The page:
Therein is our answer to “Why does sin separate us from God?” It is because we are no longer the good design he originally made. God made man and woman and said that it was good (Genesis 1:31). We bare this same goodness that God is, his image. When Adam and Eve chose to disobey God, it was not good because they were no longer functioning as God had made them, which was in his likeness. It’s not arbitrary, this consequence of our sin, it’s a matter of God’s essence. Sin is cancer to our bodies; it is the opposite of who God is. Sin is anything that goes against God’s very nature of goodness, love, holiness, justice, humility, patient and the list goes on. God made us perfect, and when we sinned, a cancer was born, and our bodies became infected. God could have dealt with this infection in a moment, but it meant killing the host. You and your soul are inseparable, therefore when you sin, and your soul is contaminated, it needs cleansing. When we sin, we separate ourselves from God in the sense that we cannot be where God is because God cannot sin. If you want to be with him, then your sin must be removed. We have one of two options; God could remove the sin by removing the soul and thus casting aside the broken parts of his creation. However, since he desires that we should live, with our soul intact, he provided another way for removing our sin, and that was with the cure. Jesus’ blood has procured the antibodies that destroy cancer in our soul. When our bodies die, our soul lives on and can be with God because Jesus’ blood inoculated us to the disease of sin and death (Although our soul will reunite with our perfected body at the second coming of Jesus).

Isn’t blood barbaric? Many people who reject substitutionary atonement ask this question. My response is this, ask a doctor in a trauma room, a paramedic at the scene of a car crash, or a deployed soldier who has experienced combat. Is blood barbaric? Spilled blood is gruesome, barbaric, and gut wrenching because we all know the life source that sustains us is the blood coursing through our veins. Is the need for Jesus’ blood to cover our sins archaic? People need blood transfusions daily to live, when did this idea of blood replacement become obsolete or unneeded? Blood was, is and always has been the source of life.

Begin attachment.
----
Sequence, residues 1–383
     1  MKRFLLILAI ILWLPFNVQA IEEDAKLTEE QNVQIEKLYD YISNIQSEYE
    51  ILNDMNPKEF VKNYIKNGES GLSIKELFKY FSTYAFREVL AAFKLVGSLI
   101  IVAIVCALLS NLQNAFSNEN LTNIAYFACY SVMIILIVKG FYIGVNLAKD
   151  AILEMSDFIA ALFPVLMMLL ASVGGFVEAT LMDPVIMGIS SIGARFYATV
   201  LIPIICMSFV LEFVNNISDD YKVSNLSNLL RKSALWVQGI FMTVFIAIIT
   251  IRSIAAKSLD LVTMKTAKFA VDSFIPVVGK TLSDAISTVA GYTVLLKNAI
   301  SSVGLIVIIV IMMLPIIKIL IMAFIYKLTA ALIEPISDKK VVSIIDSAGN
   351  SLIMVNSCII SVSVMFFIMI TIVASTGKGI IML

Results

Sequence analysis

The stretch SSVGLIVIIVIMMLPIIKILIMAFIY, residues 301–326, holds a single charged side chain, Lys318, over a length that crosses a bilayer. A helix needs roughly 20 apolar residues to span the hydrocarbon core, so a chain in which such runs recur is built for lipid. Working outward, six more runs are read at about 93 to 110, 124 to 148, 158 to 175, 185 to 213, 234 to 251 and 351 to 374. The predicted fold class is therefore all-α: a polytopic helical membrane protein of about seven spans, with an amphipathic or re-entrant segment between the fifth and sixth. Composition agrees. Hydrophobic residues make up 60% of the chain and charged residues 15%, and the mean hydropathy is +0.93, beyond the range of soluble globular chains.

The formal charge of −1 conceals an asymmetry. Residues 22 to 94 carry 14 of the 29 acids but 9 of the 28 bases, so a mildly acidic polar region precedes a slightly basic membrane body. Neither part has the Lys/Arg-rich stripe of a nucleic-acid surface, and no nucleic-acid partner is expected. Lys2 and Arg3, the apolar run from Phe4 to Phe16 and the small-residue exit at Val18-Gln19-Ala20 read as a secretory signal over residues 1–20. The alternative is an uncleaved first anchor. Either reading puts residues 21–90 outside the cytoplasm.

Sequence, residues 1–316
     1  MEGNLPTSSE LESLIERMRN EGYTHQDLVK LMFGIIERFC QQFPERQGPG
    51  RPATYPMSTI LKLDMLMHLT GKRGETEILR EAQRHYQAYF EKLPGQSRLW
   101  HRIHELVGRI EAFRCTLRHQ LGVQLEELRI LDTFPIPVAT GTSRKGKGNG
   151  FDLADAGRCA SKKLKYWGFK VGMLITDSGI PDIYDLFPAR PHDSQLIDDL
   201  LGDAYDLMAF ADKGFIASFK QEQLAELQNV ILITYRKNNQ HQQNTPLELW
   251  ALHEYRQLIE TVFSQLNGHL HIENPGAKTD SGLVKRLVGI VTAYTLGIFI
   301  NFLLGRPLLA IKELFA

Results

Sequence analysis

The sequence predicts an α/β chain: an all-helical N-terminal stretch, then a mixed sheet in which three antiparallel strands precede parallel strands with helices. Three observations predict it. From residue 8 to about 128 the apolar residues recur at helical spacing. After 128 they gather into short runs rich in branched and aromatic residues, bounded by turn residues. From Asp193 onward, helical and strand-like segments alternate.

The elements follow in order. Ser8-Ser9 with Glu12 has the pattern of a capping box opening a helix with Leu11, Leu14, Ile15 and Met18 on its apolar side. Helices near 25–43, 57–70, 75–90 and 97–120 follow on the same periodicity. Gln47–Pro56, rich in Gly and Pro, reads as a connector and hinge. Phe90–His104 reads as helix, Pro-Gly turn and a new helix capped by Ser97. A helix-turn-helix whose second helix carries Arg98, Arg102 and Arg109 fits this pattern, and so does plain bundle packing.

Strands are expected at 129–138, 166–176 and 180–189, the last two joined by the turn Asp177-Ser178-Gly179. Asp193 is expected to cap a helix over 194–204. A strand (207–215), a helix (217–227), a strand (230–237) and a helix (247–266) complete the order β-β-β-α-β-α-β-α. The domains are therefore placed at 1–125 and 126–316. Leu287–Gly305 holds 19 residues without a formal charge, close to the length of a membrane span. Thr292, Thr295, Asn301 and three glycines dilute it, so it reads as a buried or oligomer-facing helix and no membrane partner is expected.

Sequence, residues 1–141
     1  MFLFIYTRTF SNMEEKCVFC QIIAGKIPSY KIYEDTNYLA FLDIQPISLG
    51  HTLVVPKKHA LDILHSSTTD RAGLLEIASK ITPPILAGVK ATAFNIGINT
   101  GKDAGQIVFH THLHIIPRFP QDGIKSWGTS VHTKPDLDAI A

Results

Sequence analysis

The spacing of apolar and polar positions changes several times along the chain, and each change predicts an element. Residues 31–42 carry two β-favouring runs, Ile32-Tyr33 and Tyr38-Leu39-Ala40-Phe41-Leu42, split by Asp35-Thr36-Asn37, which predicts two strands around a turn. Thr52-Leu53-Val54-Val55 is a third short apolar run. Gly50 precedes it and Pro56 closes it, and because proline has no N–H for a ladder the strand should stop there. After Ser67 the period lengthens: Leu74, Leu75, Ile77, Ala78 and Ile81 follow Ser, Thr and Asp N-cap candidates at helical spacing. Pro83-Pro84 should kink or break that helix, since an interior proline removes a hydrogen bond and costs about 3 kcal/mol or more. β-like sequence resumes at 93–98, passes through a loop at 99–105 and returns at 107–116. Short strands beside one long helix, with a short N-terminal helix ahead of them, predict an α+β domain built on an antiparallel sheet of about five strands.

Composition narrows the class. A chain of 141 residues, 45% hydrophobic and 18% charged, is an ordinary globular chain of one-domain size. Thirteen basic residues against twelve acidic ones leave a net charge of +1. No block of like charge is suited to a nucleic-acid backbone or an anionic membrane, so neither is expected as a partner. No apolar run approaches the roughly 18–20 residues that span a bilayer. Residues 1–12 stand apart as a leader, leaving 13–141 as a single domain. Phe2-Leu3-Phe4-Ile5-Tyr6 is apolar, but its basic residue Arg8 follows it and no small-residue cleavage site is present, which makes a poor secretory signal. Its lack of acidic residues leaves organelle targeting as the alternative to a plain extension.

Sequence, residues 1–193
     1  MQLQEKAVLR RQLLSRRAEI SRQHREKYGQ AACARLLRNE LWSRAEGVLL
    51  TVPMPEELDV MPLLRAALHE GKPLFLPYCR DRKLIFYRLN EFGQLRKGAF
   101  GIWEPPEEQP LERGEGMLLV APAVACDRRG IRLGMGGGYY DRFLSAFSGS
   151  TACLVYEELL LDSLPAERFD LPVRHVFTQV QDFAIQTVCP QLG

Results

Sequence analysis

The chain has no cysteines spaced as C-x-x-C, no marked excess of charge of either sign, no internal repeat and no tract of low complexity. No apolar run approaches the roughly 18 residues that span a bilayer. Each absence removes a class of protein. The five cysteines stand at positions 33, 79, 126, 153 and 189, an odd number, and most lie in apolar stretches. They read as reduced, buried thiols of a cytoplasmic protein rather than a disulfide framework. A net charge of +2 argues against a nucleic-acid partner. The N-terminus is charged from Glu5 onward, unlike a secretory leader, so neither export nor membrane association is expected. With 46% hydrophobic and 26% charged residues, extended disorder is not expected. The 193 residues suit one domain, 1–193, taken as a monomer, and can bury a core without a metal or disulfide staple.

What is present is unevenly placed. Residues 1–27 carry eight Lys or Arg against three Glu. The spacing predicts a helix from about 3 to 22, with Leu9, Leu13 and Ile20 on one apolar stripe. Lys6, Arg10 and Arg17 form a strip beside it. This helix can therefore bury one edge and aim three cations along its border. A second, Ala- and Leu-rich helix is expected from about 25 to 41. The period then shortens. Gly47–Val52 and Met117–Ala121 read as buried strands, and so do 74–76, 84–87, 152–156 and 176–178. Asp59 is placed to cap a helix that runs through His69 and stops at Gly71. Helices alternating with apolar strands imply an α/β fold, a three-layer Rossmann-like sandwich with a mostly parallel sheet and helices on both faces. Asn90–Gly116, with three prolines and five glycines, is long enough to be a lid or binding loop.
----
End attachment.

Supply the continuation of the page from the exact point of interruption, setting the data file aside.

Jesus willingly gave up his source of life, cancer free, type o-negative, universal donor blood transfusion. Your blood is clean; your life is clean because he shed it all on the cross. How is this barbaric, if it is love? The Jews didn’t sacrifice him; they executed him. We didn’t sacrifice him, Jesus willingly sacrificed himself by submitting to the Roman execution of crucifixion. One life for another life. He atoned for our sins, he paid the debt our sin owed, he justified us in God’s sight and we can be with him. The greatest sign is the Holy Spirit dwelling within us. Wherever we go, God is with us, and it was only possible because we are made Holy through the blood of the lamb. It was a one-time event that never will happen again.
“For, “Everyone who calls on the name of the Lord will be saved” (Romans 10:13). This same text repeats in Acts 2:21 and both are a quote from the prophet Joel in the Old Testament, “And everyone who calls on the name of the LORD will be saved; for on Mount Zion and in Jerusalem there will be deliverance, as the LORD has said, even among the survivors whom the LORD calls” (Joel 2:32).

Saved from what? From the judgement our sin deserves. God could have done this on day one, judge our soul, remove our soul along with its sin and cast us away. Instead, he chose to provide a cure so that he can touch us without God overpowering us by his perfection. That is the real secret. God knew that if he made Adam and Eve stay in the Garden, his perfection would overcome their sin and they would not be able to stand before him. His righteousness conquers all unrighteousness. He had to make us righteous so that this would not happen. We caused the problem, and God fixed it.

If you reject that your sin has separated you from God; you are saying you are just fine on your own and you do not need Jesus. If you believe Jesus died for everyone and everyone receives salvation than God is forcing himself on everyone. He is forcing himself on those who reject him; this is not loving. You have a choice, Jesus died so that we might live but you must believe it and then act on it. Jesus as our substitute is simple and imperative. Our sin separated us, and now we have been bought back. If Jesus is not our substitute, then his death was to no avail. What a shame to place that upon Jesus. What a mockery of his execution, to say it is not needed. He did it because it was the only way, so don’t change what he did. He did it for the worst of us, which is all of us.

In Truth & Love,
Matthew J. Diaz

THE HOLY BIBLE, NEW INTERNATIONAL VERSION®, NIV® Copyright © 1973, 1978, 1984, 2011 by Biblica, Inc.® Used by permission. All rights reserved worldwide.

Image Credit: https://www.flickr.com/photos/waitingfortheword/